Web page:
Post-Fest Coverage of 2017 @MdFilmFestival @filmfestoday (Overall Impressions) and @hammertonail (4 Reviews), Part 1

The Maryland Film Festival (MdFF), founded in 1999 by Festival Director Jed Dietz, just ran its 2017 iteration May 3-7, in Baltimore. With 11 blocks of short films – including the traditional opening-night program of five – plus 34 features, the festival brought its usual eclectic mix of documentary and fiction, international and national, and narrative-based and experimental selections to Charm City, with some crew or cast representative from most films on hand for the post-screening Q&A’s. This year, the festival debuted its new venue, a renovated historic theater in the heart of the city, which will now become a year-round hub of curated cinema events, including movie revivals and other, more indie, fare.

You can check out my two pre-fest pieces, at BmoreArt and The Baltimore Sun’s “Roughly Speaking” podcast, here. For my post-fest coverage, I have so far had 4 reviews (the total I will do) published at Hammer to Nail, and one comprehensive article about my overall impressions published at Film Festival Today. Check them out:

Enjoy! Stay tuned for my interviews with the filmmakers I met up with at the festival, coming soon …

“Reel Talk” – with Chris Reed and Linda DeLibero – on “Their Finest,” “The Circle” and “Guardians of the Galaxy Vol. 2”

Christopher Llewellyn Reed, “Reel Talk” host, w/ Linda DeLibero, Director of Film and Media Studies at Johns Hopkins University and Co-Director of the Hopkins/MICA Film Center

Welcome to the fifth episode of the 2016-2017 season of Dragon Digital Media‘s Reel Talk with Christopher Llewellyn Reed. My guest this time was Linda DeLibero, Director of Film and Media Studies at Johns Hopkins University and Co-Director of the Hopkins/MICA Film Centre, who returned after a hiatus of over two years (she had been my first guest). We reviewed three new films: Their FinestThe Circle and Guardians of the Galaxy Vol. 2.

In Howard County, Maryland, you can watch the show on Channel 41 (if you’re a Verizon customer) or Channel 96 (if you’re a Comcast customer), and you can watch it online from anywhere. You can also still catch the firstsecondthird and fourth episodes of this current season, plus all six from last year (firstsecondthirdfourthfifth and sixth), as well as the six episodes from my first season with Reel Talk (Episode 1Episode 2Episode 3Episode 4Episode 5Episode 6). Enjoy!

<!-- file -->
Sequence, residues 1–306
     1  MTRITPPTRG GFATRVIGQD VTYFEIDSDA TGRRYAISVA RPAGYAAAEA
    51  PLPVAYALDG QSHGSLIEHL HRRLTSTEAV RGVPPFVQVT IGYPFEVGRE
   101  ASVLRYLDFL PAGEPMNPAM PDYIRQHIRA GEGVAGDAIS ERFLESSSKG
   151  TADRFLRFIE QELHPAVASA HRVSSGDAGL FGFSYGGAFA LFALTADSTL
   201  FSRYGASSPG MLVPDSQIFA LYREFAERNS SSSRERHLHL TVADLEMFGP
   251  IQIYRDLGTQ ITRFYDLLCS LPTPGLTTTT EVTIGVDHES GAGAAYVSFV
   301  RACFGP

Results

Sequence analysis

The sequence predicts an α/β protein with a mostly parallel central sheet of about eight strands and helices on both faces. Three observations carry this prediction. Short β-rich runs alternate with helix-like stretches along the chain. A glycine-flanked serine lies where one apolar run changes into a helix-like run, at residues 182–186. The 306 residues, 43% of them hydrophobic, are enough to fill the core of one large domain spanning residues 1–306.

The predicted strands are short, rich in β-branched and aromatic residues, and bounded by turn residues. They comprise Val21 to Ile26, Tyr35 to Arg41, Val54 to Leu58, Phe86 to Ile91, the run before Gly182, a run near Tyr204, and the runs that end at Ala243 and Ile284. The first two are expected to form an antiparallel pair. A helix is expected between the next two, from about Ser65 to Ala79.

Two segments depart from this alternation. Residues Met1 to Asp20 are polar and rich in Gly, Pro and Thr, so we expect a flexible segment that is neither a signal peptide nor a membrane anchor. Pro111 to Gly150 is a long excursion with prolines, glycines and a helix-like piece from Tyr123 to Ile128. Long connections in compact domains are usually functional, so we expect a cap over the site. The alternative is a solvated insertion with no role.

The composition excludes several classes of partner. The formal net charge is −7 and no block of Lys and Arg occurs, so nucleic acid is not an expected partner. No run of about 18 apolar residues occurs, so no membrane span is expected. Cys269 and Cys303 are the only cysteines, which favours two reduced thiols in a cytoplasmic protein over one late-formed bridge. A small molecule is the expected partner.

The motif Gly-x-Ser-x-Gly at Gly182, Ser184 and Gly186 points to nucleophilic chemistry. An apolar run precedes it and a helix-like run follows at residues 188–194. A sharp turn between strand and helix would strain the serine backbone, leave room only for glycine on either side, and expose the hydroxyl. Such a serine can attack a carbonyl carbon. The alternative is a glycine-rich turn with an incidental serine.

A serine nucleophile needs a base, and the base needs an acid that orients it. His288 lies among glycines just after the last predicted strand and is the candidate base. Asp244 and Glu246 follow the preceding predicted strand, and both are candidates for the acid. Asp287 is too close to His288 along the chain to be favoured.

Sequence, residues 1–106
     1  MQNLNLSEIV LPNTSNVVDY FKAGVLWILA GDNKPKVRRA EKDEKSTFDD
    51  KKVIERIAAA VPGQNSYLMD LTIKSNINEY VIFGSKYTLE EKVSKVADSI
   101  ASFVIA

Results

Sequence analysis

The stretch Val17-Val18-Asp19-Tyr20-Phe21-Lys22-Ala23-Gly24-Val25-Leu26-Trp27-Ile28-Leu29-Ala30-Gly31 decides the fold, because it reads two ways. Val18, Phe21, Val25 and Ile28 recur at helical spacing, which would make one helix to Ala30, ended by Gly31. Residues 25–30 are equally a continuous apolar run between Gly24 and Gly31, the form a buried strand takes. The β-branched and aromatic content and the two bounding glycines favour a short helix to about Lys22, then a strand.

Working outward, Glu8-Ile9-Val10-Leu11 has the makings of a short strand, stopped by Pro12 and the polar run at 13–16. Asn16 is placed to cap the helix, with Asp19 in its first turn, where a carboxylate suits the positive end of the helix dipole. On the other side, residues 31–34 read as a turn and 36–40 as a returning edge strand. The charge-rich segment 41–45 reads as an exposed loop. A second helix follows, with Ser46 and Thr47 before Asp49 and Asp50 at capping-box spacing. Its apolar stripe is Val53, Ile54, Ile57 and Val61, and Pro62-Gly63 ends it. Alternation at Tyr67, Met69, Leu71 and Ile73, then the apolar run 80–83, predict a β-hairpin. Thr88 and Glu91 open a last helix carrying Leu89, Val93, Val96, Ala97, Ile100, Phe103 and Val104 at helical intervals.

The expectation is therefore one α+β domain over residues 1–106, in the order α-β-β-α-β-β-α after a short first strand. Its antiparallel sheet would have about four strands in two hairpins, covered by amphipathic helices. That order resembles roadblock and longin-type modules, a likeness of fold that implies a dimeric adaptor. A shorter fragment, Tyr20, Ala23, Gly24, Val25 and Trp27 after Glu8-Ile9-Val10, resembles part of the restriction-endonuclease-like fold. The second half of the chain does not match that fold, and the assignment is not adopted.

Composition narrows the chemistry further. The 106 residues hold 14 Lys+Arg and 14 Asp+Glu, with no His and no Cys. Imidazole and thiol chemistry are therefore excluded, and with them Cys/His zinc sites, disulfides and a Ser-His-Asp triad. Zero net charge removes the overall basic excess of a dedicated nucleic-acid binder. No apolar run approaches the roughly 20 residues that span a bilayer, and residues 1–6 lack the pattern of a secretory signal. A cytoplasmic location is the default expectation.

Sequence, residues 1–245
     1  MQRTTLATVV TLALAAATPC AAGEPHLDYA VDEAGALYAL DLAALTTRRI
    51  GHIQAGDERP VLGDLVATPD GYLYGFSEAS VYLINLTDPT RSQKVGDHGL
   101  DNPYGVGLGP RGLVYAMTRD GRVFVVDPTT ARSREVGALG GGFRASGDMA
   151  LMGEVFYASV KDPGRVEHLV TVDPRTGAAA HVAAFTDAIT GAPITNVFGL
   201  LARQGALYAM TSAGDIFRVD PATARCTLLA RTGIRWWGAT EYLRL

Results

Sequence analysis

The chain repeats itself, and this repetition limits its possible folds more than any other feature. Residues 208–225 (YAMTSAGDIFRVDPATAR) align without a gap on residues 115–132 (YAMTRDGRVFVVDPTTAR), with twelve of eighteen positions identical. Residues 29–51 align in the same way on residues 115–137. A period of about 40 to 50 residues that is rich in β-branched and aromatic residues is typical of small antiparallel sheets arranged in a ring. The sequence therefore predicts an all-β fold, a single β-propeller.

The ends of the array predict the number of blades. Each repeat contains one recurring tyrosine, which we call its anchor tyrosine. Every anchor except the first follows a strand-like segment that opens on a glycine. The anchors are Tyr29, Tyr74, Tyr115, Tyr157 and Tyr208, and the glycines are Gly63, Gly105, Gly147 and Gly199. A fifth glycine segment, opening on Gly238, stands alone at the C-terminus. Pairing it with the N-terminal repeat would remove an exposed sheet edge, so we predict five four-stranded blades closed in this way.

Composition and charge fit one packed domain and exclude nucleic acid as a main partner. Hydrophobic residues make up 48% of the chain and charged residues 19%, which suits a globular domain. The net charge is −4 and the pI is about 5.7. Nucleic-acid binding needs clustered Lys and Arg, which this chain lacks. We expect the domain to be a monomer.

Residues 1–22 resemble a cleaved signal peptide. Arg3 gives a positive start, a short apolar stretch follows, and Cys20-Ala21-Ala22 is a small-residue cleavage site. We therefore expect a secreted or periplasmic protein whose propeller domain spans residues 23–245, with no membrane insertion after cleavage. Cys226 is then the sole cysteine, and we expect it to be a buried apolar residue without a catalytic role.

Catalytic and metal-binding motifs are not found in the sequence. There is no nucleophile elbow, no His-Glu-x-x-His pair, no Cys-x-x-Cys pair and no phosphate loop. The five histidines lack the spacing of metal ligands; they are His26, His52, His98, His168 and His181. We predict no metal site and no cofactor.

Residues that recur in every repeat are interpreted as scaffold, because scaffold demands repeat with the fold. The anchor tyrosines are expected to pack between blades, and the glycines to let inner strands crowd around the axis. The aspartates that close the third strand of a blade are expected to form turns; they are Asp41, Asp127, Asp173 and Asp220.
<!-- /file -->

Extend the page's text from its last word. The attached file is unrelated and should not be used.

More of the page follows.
The fantastic Dragon Digital Media team did their usual superlative job putting this together, especially producer Karen Vadnais and director Danielle Maloney. We’ll be back at the start of May with another episode, so stay tuned. Until then, have fun at the movies!

3 @TribecaFilm Festival Reviews + “Below Her Mouth” @hammertonail

Over the past few weeks, I have covered three films (remotely) that played at the recent 2017 Tribeca Film Festival – The Endless, The Last Animals and A River Below – for Hammer to Nail, as well as the just-released erotic lesbian-themed drama Below Her Mouth (which premiered at the 2016 Toronto Film Festival). Here are links to the articles:

Enjoy!

Less Would Be More: “Guardians of the Galaxy Vol. 2” Overdoes Its Shtick, Though Still Entertains

Guardians of the Galaxy Vol. 2 (James Gunn, 2017)

I loved the original Guardians of the Galaxy. When it came out, in 2014, the creative forces at Marvel had yet to release films like Ant-Man (2015) and Deadpool (2016), and so Guardians had the field to itself as a breath of fresh air through the soon-to-be- overripe superhero genre (already quite ripe at the time). Starring an appealing cast of characters – three live and two computer-generated – the film offered peppy one-liners and clever action sequences, all set to a delightful 1970s soundtrack that was not just for fun, but also justified by the plot. With Chris Pratt (Jurassic World), Zoe Saldana (Infinitely Polar Bear) and Dave Bautista (The Man with the Iron Fists), as well as the voices of Bradley Cooper (American Hustle) and Vin Diesel (Riddick) – well, sort of Vin Diesel, who uttered but one line over and over again – all clearly having a marvelous time, it was hard not to join them in joyful mayhem as they saved the universe, earning themselves their titular collective sobriquet, and pushing the movie towards the top of the box-office chart that year.